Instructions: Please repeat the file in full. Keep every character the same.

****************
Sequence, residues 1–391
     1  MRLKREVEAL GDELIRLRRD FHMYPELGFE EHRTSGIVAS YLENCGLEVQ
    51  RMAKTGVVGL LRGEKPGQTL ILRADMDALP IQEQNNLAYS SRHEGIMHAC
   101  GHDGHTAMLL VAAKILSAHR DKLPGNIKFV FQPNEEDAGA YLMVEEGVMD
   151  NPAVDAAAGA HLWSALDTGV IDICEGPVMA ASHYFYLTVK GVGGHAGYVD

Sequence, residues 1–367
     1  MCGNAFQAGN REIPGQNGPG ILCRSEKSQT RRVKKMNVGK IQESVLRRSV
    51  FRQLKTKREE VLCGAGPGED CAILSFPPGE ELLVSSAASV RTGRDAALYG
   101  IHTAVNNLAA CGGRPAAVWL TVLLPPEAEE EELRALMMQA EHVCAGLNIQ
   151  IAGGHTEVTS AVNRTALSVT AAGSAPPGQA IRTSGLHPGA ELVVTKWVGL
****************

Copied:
Sequence, residues 1–391
     1  MRLKREVEAL GDELIRLRRD FHMYPELGFE EHRTSGIVAS YLENCGLEVQ
    51  RMAKTGVVGL LRGEKPGQTL ILRADMDALP IQEQNNLAYS SRHEGIMHAC
   101  GHDGHTAMLL VAAKILSAHR DKLPGNIKFV FQPNEEDAGA YLMVEEGVMD
   151  NPAVDAAAGA HLWSALDTGV IDICEGPVMA ASHYFYLTVK GVGGHAGYVD

Sequence, residues 1–367
     1  MCGNAFQAGN REIPGQNGPG ILCRSEKSQT RRVKKMNVGK IQESVLRRSV
    51  FRQLKTKREE VLCGAGPGED CAILSFPPGE ELLVSSAASV RTGRDAALYG
   101  IHTAVNNLAA CGGRPAAVWL TVLLPPEAEE EELRALMMQA EHVCAGLNIQ
   151  IAGGHTEVTS AVNRTALSVT AAGSAPPGQA IRTSGLHPGA ELVVTKWVGL